Sen. John Ensign, R-Nev., and Rep. Jeff Flake, R-Ariz., are preparing twin bills to tie American funding for the U.N. to the organization’s cooperation with the investigations, withholding increasing amounts of America’s 22 percent share of the body’s budget until Congress is satisfied.
Irony of accountability
In an irony of timing, the demands that Annan resign to increase U.N. accountability came as a panel of 16 prominent global figures presented a report that he commissioned a year ago about how to improve U.N. accountability and efficiency. The report calls for improved internal oversight, offers proposals to fight terrorism and weapons proliferation, and suggests a buyout to rid the organization of “deadwood” all reforms that congressional leaders have been demanding.
When he presented the report to the United Nations’ 191-member General Assembly last Wednesday, Annan received a standing ovation in an expression of support.
But if he is perceived as an obstacle to the very reforms he commissioned and their funding that could increase pressure from within the United Nations for him to step down, said a Security Council diplomat.
“Can he continue to serve the United Nations when the most powerful member of the U.N. is not willing to work with him?” said the diplomat, who requested anonymity because of the issue’s sensitivity.
American conservatives also were infuriated by what they perceive as U.N. officials’ attempts to tip last month’s U.S. elections against President Bush.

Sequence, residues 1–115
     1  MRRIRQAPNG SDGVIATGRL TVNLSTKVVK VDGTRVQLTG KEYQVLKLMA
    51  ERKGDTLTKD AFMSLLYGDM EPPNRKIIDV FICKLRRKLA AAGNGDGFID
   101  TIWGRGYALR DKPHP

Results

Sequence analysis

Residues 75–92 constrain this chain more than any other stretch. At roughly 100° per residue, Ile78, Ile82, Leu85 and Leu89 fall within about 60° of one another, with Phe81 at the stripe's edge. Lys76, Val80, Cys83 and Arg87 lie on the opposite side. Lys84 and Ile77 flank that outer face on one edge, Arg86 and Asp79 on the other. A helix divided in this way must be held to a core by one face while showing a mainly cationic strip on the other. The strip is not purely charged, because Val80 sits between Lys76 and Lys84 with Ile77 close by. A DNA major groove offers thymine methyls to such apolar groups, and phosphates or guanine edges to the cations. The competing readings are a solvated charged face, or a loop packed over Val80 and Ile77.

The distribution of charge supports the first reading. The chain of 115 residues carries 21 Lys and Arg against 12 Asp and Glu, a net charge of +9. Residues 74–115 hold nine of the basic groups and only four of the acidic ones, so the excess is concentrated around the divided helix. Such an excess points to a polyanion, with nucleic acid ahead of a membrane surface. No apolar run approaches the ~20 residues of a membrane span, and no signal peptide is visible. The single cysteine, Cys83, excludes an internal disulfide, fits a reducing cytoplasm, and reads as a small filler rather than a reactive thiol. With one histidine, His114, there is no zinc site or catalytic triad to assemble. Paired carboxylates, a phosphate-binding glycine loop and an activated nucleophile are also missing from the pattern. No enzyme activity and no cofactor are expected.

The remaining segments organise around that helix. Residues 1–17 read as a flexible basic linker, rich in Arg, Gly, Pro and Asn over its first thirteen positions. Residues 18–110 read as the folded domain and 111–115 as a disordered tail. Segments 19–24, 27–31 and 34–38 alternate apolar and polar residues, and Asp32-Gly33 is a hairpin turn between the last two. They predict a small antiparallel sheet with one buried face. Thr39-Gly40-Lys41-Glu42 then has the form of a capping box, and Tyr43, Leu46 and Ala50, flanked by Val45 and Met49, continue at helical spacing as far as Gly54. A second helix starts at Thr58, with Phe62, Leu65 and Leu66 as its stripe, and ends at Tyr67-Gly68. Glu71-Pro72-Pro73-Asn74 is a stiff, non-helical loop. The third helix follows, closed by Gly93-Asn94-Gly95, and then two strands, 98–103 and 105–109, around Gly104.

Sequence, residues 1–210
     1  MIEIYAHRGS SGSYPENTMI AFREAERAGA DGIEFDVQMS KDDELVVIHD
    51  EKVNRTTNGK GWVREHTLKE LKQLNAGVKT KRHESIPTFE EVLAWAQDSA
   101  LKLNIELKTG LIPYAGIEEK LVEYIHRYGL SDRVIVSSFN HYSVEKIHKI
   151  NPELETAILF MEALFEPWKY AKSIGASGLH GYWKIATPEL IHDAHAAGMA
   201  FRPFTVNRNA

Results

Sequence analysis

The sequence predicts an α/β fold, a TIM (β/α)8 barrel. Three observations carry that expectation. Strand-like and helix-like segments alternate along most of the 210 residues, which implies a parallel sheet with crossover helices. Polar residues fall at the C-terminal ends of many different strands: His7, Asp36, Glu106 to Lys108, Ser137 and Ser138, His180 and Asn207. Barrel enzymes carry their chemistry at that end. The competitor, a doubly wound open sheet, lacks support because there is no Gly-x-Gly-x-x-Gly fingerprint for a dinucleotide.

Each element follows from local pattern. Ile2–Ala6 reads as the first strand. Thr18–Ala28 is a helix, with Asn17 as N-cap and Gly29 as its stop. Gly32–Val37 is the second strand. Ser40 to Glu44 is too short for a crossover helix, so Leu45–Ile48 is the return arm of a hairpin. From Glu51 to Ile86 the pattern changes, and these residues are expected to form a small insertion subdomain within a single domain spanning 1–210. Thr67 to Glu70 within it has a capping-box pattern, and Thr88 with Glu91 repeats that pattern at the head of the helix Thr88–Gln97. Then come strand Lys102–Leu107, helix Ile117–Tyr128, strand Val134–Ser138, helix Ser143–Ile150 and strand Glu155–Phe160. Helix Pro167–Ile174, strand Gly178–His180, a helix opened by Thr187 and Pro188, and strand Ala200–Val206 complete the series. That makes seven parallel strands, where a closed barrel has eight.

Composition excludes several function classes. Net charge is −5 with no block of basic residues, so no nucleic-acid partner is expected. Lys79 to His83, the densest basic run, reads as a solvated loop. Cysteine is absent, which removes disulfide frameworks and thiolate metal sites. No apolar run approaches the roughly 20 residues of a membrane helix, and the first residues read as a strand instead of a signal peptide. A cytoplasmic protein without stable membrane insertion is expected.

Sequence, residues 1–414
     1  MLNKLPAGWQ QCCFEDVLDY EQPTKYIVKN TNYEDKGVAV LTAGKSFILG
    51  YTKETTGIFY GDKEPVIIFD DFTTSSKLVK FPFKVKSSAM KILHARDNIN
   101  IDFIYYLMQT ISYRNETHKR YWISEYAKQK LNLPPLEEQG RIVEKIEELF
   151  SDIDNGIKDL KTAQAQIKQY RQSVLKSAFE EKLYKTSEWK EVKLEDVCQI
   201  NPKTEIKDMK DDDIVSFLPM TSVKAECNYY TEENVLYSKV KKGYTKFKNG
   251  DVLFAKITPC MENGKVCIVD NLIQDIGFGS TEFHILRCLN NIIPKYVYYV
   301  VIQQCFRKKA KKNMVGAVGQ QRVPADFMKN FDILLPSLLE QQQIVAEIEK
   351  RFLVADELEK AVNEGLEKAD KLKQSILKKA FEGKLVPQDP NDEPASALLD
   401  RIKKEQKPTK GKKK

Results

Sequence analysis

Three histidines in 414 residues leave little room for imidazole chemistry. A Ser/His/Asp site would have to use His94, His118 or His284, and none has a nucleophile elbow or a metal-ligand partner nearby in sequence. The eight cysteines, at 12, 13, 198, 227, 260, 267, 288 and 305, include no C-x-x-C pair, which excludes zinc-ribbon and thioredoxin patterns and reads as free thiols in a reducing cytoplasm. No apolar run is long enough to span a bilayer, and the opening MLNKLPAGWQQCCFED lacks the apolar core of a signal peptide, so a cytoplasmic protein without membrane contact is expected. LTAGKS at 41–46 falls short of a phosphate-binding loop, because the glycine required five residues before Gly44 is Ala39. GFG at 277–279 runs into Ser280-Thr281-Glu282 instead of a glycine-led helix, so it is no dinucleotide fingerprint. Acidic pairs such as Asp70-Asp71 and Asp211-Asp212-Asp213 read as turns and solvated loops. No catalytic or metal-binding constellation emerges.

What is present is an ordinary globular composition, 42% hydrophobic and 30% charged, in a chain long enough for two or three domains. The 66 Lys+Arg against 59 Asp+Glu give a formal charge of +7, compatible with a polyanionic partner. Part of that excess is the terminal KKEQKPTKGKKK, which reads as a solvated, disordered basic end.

In interviews, U.S. officials and members of Congress recited a list of apparent transgressions: in September, Annan called the invasion of Iraq “illegal”; the next month, the U.N. nuclear watchdog agency said powerful explosives had disappeared in Iraq under the watch of U.S.-led forces; and two days before the U.S. elections, Annan sent Bush a letter arguing against the eventual attack on the Iraqi city of Fallujah.
To U.N. foes, the oil-for-food allegations are the perfect vehicle in which to pack their accumulated complaints against the world body.
None of the investigations have suggested that Annan took bribes or acted illegally. The most serious complaint against him is that he has blocked congressional investigators’ access to U.N. documents and employees, though he recently agreed to hand over internal documents through Volcker in January and to allow staffers to do informal interviews.
That doesn’t stop politicians such as Rep. Scott Garrett, R-N.J., from demanding that Annan pay a heavy price for the scandal. “The larger question is whether he should be in jail,” Garrett said last week.
As Powell’s letter made clear, the White House needs U.N. help holding the Iraqi elections scheduled for Jan. 30. Having the criticism come from other quarters provides leverage over the U.N. and the man the U.S. helped bring to office eight years ago.
Even among those scrutinizing U.N. failings most closely are voices that say Annan should not resign. Rep. Christopher Shays, R-Conn., who is leading one of the investigations, said problems exposed by the oil-for-food scandal are institutional, not personal, and if anyone has the incentive to change things, it would be Annan.
“This is the secretary-general’s last, best chance to redeem his stewardship of the U.N. and bring badly needed transparency to the organization,” Shays told reporters this week. “His remaining time in office should be driven by a proactive effort to get to the bottom of the oil-for-food scandal and reform the U.N. structures and processes that let it happen.”